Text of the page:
I would add to the comments above that sometimes cycles can vary greatly.  I have done 7 cycles and have had anything from 11 eggs collected through to 25 eggs.  I have had Pgd testing done with zero normal embryos through to 3 normal ones per cycle.  The three came from a collection of 17 eggs and the cycle with 25 eggs priduced no normal embryos.  

The first few cycles involve a bit of guess work to see how your body will respond to different combinations of drugs etc.

#7 EMM1979

Posted 12 March 2018 - 01:03 PM

We pay $600 per year for embryo storage.  

I understand that embryos store and thaw better than eggs.   A friend was about to do chemo and was advised to store embryos rather than eggs if possible.  When you think about it it makes sense - not all eggs fertilise.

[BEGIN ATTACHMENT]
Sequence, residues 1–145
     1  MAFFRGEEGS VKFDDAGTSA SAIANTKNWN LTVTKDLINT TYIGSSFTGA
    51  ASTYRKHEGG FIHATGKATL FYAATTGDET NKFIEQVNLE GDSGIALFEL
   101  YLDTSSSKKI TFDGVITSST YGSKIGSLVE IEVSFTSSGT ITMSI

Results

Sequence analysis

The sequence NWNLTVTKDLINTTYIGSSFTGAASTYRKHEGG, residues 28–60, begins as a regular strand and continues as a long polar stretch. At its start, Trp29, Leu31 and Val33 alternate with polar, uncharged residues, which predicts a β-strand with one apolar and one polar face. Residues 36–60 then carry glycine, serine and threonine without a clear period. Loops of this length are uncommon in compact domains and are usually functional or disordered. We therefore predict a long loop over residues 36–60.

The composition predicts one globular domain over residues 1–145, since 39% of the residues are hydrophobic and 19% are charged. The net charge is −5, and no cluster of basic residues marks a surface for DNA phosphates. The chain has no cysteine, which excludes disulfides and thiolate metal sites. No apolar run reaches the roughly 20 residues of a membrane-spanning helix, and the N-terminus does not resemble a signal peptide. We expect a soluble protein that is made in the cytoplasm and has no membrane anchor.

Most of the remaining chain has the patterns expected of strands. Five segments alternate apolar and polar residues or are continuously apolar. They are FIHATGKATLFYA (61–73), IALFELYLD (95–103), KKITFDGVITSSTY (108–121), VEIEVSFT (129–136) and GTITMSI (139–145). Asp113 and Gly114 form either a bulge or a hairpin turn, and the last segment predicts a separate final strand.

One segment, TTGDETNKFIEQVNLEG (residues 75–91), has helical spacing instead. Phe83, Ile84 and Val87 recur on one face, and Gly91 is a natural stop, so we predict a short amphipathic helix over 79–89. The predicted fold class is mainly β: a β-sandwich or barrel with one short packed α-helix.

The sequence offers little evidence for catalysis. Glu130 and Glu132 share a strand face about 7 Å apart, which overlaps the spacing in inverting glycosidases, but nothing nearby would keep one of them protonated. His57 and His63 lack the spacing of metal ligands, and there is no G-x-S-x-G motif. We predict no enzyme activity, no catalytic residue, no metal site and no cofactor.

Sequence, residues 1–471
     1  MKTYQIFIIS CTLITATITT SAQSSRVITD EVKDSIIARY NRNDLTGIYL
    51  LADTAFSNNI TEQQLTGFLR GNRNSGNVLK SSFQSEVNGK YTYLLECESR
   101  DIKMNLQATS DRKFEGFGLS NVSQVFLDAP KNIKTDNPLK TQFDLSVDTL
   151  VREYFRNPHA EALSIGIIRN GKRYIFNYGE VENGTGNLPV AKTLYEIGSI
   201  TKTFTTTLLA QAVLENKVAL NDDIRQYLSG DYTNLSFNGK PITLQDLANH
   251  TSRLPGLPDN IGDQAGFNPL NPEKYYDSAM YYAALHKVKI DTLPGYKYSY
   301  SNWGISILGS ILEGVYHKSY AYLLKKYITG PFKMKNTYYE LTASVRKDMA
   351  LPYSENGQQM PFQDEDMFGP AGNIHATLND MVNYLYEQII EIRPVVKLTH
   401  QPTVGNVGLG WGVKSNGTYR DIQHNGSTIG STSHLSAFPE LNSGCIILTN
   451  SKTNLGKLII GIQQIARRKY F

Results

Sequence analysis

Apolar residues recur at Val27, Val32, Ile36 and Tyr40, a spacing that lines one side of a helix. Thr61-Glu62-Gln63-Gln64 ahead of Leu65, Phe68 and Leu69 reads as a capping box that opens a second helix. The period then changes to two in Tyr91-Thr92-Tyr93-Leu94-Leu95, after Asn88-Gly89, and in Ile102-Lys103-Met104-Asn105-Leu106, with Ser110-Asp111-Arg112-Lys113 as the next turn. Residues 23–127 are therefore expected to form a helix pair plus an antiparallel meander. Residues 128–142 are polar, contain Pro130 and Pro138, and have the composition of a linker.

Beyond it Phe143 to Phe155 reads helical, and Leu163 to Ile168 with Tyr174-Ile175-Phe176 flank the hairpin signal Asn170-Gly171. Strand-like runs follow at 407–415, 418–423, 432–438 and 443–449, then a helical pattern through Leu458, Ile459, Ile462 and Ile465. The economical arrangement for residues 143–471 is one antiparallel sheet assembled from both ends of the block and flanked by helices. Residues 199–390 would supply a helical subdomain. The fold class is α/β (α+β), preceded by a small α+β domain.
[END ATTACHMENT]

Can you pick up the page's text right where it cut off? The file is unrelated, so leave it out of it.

Number of eggs retrieved depends on any underlying conditions.   Eg PCOS can lead to greater risk of hyper stimulation (I got 19 eggs a couple of weeks after my 37th birthday) whereas a much younger woman with low ovarian reserve might only get 2 or 3.

I recommend getting your AMH (anti mullerian hormone) level tested.   This gives an indication of ovarian reserve and how you may respond to treatment.

#8 ckmelb

Posted 12 March 2018 - 03:19 PM

hi beebows, just adding some personal experience around expected timeframes.

- Early July: went to see GP (pap, AMH test, BT to check for immunisations etc). She gave me a list of FS to consider
- 31 July: all my BT were back so went back to GP to discuss results (low iron, needed measles booster) and get referral for chosen FS